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In 1994 two 17-year-olds shot some police officers and said they did because they heard it in Tupac's music.
Subsequently in “Go Brooklyn”, by Monique Ferrell, Hip Hop is constantly barraged for its excessive lifestyle.
With its focus on a rap artist named Big Ru, Ferrell argues on how Hip Hop turns Black men into music buyers have you sadly confused" ("Mindless Music" Sc 1).
Bok says that some acts cause debates, although people may disagree with it doesn't mean it should be taken away.
There should be no restrictions held against playing of rap music.
Many claimed that the music was destroying the morality of the youth, supporting the values of the growing street-gangs, and encouraging the socially unacceptable The Young Black Male and Rap Music I am going to study the role of a young black male in today's society.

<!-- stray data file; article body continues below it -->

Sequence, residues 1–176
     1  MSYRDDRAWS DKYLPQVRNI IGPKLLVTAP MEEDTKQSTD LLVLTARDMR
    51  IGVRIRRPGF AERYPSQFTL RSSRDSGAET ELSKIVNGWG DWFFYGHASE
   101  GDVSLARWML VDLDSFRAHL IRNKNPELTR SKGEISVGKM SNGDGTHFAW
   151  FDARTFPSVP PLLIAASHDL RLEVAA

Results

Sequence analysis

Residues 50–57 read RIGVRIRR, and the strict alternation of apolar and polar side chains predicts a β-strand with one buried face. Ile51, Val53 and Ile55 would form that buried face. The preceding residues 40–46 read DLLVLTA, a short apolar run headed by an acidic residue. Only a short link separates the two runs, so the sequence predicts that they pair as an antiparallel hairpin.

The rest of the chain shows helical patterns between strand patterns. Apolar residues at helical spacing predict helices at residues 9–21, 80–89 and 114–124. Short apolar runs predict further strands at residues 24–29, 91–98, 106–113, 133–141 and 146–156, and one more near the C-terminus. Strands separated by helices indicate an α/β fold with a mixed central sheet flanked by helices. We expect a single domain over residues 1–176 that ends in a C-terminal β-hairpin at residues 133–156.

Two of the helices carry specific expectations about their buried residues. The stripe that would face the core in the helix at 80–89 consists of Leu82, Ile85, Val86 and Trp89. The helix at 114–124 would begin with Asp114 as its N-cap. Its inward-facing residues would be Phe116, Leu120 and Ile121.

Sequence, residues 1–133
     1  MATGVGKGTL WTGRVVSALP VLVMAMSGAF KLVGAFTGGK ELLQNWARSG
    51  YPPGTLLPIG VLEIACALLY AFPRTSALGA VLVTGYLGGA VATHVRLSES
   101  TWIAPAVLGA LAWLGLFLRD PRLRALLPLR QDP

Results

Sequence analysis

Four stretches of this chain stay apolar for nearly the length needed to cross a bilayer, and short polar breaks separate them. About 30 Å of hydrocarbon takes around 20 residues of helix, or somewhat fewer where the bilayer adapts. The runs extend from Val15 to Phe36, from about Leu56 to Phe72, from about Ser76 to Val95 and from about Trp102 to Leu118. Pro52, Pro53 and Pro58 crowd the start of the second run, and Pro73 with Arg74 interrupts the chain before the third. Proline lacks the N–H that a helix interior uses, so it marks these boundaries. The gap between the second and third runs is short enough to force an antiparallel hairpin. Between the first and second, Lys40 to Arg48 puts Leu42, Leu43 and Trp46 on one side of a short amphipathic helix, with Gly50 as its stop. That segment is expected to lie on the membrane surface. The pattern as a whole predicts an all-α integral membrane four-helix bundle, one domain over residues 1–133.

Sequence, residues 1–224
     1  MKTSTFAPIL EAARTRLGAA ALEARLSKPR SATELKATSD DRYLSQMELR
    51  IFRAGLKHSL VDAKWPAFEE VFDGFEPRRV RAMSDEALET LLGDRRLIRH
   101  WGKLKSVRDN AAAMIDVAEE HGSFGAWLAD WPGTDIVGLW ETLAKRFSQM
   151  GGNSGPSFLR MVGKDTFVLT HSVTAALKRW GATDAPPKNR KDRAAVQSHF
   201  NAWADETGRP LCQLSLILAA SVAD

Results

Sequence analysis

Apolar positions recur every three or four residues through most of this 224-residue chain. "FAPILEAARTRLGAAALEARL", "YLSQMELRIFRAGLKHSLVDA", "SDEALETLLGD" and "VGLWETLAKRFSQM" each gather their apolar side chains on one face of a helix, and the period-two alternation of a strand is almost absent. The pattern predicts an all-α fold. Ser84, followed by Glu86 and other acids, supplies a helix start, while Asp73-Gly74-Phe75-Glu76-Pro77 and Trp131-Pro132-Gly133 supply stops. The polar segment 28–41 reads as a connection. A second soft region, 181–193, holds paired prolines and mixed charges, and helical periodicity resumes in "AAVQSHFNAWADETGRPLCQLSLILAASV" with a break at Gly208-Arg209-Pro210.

I will look at the pressures that predominantly black music puts on the young black male and the kind of impression it can make on them.
No one can really say how rap started; some say “Rap received its roots in the beat poets of the 1950's.
They would read their poetry over the beats of jazz musicians”.
Rap is defined as a style of popular music consisting of improvised rhymes performed to a rhythmic accompaniment. In their lyrics they talked about crime, street violence and killing. He was rapping about drive by's, having sex with hundreds of women, drinking alcohol all-day and so on. This way parents could be aware of the type of music their kids listen to and could choose if they would like to allow them to listen to it.
It didn't really become popular until the early 80's. Once they were a huge hit, it caught on, and really that's when all this madness started. More and more people started rapping about police brutality and killing people and with that, crime rose to high levels. The third man to take the most heat and who still continues to is Tupac Shakur.